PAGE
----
What can counselling achieve? Providing This is appropriate to work-related problems when there is a clear-cut solution. However, it is inappropriate in dealing with personal problems and advice emotional situations. Providing While this can give an employee encouragement or renew confidence, I t may fail to address the root cause of the problem. reassurance Facilitating The manager can gain insight into the employees thoughts and feelings and enhance two-way communication.communication. Releasing The manager can allow the employee to unburden by sharing worries/ emotional concerns. tension. Clarifying Sometimes merely by talking things over, a person can get a new perspective on the nature of a problem and begin to look at it more objectively. This will thinking. go a long way towards enabling the employee to work out solutions. Their goals, values or behaviour, especially if the problem is of a work-Encouraging a related nature. change in an If, however, the problem is a personal one, the manager may wish to refer individual the employee to a professional counsellor. 20
Counselling Guidelines• Talk early in day and week and in private• Be non-directive, non-judgemental, non-moralising and non- prying• Set a tone of working together as a team to resolve• Be patient, jumping to conclusions will not get to the source• Question and probe to help them clarify and resolve problem• Get them to recognise the consequences of not dealing with it• Assure confidentiality, encourage and engage in follow up• Close without rushing, make sure they are comfortable• Expecting an ideal outcome may be unrealistic• Consider writing it all down either during or after as a summary 21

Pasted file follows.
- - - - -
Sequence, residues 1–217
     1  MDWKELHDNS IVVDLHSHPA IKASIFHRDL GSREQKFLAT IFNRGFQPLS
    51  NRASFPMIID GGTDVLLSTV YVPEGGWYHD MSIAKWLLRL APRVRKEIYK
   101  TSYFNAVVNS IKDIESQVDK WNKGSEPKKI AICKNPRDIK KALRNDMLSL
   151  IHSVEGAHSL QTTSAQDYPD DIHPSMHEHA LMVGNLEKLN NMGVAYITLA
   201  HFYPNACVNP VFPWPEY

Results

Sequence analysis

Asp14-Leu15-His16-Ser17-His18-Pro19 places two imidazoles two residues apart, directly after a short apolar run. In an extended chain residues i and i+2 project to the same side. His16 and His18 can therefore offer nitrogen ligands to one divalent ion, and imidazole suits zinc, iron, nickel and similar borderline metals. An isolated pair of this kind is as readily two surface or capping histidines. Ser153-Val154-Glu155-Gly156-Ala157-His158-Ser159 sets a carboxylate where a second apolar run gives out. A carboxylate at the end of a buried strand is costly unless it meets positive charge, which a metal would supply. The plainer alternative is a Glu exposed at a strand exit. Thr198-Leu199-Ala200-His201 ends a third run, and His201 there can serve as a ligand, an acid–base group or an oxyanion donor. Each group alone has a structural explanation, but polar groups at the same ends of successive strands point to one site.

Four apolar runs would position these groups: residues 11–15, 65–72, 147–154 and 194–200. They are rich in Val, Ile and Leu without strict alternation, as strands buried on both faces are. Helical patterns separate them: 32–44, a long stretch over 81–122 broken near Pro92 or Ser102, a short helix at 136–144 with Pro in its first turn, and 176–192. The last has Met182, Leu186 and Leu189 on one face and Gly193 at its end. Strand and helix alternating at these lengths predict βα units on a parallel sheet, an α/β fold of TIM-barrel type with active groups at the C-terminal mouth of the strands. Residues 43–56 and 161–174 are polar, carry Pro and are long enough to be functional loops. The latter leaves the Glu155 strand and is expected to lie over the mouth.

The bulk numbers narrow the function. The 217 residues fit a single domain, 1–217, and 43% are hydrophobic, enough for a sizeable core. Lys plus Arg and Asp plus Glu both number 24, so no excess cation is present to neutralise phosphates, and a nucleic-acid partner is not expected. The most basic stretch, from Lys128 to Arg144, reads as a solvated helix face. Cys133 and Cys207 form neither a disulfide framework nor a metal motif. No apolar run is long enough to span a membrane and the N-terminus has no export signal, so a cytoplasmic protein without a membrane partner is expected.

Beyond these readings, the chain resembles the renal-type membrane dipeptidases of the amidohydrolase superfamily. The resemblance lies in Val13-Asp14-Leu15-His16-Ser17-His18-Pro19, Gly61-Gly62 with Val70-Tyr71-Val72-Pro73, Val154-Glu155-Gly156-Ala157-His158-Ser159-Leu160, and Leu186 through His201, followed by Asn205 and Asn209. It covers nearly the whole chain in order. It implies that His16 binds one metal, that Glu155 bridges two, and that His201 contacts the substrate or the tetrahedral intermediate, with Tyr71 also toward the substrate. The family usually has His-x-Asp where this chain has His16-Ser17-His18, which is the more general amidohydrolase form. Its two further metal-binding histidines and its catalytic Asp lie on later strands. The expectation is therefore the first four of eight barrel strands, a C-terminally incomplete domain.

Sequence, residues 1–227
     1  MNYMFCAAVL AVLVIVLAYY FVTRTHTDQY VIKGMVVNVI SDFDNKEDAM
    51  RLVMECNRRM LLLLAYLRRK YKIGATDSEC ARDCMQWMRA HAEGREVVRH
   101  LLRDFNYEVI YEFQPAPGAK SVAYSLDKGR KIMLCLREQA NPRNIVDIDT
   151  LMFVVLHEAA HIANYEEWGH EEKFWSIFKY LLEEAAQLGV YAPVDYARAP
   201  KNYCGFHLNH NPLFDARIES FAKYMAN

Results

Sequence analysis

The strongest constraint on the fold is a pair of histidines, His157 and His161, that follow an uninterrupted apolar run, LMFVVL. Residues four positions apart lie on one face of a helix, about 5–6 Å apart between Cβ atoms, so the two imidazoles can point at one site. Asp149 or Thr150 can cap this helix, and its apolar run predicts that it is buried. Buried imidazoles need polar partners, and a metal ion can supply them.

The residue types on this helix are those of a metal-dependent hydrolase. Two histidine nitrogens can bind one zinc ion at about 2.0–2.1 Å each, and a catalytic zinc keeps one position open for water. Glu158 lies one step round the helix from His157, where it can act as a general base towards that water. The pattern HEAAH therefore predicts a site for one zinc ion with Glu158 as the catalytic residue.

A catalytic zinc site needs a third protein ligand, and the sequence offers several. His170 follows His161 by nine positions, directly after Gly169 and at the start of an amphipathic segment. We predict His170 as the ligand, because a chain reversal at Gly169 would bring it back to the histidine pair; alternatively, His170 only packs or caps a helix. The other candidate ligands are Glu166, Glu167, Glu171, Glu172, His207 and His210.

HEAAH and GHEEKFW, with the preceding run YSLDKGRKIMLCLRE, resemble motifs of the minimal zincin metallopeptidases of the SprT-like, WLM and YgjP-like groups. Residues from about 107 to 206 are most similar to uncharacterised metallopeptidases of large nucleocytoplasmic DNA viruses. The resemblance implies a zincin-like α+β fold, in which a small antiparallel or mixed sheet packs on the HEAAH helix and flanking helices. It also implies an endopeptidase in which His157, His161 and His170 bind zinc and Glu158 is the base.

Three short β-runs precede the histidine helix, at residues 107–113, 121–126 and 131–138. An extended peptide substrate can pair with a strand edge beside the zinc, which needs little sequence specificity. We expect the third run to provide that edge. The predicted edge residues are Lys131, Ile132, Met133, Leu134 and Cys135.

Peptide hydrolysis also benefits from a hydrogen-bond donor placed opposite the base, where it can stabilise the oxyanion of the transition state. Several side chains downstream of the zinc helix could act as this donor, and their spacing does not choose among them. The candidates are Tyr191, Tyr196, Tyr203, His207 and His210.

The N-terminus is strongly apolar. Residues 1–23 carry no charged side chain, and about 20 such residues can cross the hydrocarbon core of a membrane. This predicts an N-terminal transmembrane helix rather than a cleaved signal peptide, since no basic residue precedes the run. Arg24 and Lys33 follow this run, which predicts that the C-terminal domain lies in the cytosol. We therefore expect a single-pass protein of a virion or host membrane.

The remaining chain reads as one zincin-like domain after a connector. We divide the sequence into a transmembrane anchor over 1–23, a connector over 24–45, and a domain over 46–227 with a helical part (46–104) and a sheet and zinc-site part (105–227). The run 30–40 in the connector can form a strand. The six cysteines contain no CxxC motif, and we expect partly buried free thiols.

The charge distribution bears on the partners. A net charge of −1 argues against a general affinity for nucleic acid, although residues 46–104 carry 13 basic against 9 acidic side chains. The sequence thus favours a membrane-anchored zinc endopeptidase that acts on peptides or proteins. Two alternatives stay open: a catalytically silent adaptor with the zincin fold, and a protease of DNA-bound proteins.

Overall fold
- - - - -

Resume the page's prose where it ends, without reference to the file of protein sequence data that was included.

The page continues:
Feedback • Tell them how well they are doingTell & Sell • Sell them on the idea • Flow is downward Tell & • • Tell them how well they are doing Strengths and areas of improvement needed • Listen to response to gauge attitude and feelings, then discuss Listen • Aim to increase job satisfactionProblem • • Open clear two-way communication Aim to solve for barriers to performance • Non-threatening, reduces hostility Solving • Recommended for most situations 22